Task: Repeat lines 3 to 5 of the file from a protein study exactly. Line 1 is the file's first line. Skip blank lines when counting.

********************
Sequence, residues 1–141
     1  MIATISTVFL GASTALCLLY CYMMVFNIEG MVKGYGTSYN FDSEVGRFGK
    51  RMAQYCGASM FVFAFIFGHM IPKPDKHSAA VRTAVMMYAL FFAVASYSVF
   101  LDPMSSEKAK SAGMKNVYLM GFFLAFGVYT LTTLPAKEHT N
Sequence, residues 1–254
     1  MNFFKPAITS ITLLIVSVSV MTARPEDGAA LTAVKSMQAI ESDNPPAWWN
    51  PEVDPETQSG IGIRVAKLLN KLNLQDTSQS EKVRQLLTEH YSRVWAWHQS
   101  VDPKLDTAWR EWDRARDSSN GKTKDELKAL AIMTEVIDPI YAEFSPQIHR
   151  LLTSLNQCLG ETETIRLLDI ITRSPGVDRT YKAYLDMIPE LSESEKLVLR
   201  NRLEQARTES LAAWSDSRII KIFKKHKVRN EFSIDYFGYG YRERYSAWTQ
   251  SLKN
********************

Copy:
    51  RMAQYCGASM FVFAFIFGHM IPKPDKHSAA VRTAVMMYAL FFAVASYSVF
   101  LDPMSSEKAK SAGMKNVYLM GFFLAFGVYT LTTLPAKEHT N
Sequence, residues 1–254